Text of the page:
[04/08/16 10:27:17:322 BST] FFDC Exception:java.lang.OutOfMemoryError SourceId:com.ibm.ws.util.ThreadPool.getTask ProbeId:822 Reporter:com.ibm.ws.util.ThreadPool@fb23cafc java.lang.OutOfMemoryError: Java heap space at java.util.concurrent.locks.AbstractQueuedSynchronizer$ConditionObject.addConditionWaiter(AbstractQueuedSynchronizer.java:1812) at java.util.concurrent.locks.AbstractQueuedSynchronizer$ConditionObject.await(AbstractQueuedSynchronizer.java:2117) at com.ibm.ws.util.BoundedBuffer$GetQueueLock.await(BoundedBuffer.java:286) ...
Locks ultimately seem to lead to the OOM error (“java.util.concurrent.locks”).
I informed the customer about the findings and mentioned that such lock time outs and hung threads might occur because of orphaned transactions on DB-side, see:
“You might see that current transactions are blocked for a long time frame by a transaction with a -2 session ID. This scenario can lead to lock timeouts or hung threads depending on the lock timeout setting.” ( http://www-01.ibm.com/support/docview.wss?uid=swg21633692 )
Based on the findings, the patient checked his MS SQL Server for orphaned transactions. And… right, there were many of them !
So, how to follow up to resolve the issue?
In some cases increasing the lockTimeout value might already help to prevent a lock time out issue
(HowTo see for instance: http://www-01.ibm.com/support/docview.wss?uid=swg21516235 ).
However, in this case we have already identified orphaned transactions causing the locks. Hence, that will not help here.
I mentions that under certain circumstances, MS SQL Server does NOT clean up specific transactions and they can continue to use resources and block other transactions. For Microsoft SQL Server, these transactions stay in the system until the XA timeout on the database resource is reached or the database is restarted.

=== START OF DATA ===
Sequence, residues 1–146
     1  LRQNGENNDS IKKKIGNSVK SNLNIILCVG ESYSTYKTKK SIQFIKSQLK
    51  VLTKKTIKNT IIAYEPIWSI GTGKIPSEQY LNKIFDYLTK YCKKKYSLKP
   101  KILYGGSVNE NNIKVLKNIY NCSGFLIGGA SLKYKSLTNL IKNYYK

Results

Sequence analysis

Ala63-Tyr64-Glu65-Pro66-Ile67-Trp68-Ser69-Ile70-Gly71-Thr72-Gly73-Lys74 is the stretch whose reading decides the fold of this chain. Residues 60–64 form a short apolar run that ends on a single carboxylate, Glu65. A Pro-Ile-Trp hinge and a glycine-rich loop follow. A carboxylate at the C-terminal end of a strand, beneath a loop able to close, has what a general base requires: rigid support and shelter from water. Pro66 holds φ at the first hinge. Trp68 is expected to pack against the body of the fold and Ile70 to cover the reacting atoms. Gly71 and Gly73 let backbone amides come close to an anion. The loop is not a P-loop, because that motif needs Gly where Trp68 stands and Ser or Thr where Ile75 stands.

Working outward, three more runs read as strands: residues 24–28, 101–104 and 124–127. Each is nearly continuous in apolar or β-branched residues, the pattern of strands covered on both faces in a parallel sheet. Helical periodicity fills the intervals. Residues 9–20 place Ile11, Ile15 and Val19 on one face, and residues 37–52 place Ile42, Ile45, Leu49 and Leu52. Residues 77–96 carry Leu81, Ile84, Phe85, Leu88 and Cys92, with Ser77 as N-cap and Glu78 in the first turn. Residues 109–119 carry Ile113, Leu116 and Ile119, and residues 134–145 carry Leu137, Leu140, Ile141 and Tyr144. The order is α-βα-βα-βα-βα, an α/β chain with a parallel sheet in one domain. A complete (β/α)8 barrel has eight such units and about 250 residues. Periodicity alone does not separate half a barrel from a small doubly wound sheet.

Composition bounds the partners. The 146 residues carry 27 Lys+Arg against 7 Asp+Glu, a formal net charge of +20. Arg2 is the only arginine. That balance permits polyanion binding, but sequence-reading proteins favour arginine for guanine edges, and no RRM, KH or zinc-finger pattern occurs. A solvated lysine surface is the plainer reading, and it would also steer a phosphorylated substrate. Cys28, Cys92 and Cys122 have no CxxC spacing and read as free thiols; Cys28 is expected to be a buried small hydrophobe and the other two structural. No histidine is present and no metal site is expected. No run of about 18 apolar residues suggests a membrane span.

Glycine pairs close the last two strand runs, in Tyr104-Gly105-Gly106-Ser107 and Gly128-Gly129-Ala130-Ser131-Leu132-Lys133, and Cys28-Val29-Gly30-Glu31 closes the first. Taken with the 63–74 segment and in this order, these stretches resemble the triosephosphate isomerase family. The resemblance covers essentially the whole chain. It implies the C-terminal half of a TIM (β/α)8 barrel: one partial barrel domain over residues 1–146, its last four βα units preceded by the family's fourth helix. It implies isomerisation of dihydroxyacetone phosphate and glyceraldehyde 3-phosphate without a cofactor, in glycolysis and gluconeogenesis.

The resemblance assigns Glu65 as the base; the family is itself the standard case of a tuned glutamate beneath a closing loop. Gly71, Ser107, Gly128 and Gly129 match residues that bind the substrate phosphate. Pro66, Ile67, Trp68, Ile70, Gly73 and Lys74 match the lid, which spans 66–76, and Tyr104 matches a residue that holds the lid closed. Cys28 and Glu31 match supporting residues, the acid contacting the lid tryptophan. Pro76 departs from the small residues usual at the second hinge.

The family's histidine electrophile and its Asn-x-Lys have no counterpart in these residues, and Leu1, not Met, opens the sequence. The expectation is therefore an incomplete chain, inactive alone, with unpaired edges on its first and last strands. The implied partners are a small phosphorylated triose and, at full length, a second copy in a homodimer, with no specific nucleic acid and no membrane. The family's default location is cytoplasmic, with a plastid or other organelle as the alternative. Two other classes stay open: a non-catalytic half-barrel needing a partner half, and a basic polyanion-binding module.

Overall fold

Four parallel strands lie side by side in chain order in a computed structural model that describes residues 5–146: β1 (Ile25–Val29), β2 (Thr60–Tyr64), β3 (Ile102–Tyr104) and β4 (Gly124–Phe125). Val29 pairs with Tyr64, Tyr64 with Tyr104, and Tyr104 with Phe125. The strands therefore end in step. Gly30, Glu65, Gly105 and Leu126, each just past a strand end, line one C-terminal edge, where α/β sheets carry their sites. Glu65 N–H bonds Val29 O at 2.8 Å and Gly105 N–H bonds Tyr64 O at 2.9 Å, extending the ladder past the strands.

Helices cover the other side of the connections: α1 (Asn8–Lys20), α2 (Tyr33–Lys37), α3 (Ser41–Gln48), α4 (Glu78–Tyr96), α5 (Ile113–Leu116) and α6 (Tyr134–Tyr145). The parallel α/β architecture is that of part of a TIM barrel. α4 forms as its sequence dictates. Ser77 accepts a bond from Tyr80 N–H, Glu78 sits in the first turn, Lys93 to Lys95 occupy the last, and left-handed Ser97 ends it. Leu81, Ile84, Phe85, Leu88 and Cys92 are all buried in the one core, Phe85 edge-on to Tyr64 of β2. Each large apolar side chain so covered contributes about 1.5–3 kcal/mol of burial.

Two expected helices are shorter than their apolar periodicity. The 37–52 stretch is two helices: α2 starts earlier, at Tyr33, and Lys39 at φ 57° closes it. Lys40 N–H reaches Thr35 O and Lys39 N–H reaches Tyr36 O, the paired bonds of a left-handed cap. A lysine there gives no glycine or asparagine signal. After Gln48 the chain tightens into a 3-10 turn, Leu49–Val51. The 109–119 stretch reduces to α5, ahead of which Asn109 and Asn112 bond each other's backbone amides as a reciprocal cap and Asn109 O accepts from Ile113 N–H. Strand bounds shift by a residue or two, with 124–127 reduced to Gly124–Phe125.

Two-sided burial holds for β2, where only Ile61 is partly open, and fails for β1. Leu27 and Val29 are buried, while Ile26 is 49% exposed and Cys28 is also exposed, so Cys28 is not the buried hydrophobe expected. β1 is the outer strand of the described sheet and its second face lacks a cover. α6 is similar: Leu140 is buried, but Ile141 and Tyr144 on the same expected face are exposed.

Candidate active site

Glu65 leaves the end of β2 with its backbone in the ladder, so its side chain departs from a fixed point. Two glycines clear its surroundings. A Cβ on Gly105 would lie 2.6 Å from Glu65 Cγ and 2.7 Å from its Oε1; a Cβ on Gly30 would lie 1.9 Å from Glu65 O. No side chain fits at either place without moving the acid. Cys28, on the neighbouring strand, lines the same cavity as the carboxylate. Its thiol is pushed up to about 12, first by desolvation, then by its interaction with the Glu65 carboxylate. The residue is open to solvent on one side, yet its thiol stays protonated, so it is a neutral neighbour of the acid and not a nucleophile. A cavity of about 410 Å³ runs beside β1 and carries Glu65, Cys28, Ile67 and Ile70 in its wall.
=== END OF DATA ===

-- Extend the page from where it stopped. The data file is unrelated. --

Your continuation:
To resolve the problem, I always advice to restart the database. Alternatively, the user can also individually terminate the transactions on the database. However, to be sure that a transaction is orphaned, he should ensure that it is not an in-doubt (prepared) transaction or one that is currently in the process of completing. Anything that lasts through a restart of all the JVMs for a related environment and a successful recovery cycle should be orphaned.
The following resource provides more details on that:
As described on the Microsoft Support website (http://support.microsoft.com/en-us/kb/3005016) loss of communication between the IBM BPM server and its database (for example, caused by a software or network failure) may result in orphaned transactions that persist in the database and hold resources (such as database locks) active indefinitely. Resolving these orphaned transactions may require manual rollback or restarting the IBM BPM and Database servers. (see: http://www-01.ibm.com/support/docview.wss?uid=swg21578920#mssqldbsupp )
The patient decided to restart the DB and BINGO:
Orphaned transactions were resolved (+ no new orphaned transactions were generated) and the environment could be successfully started!
In the meantime the rain passed off, my customer was satisfied with the result we reached - a positive end of the day.
And if it does not, take two of these and call me in the morning.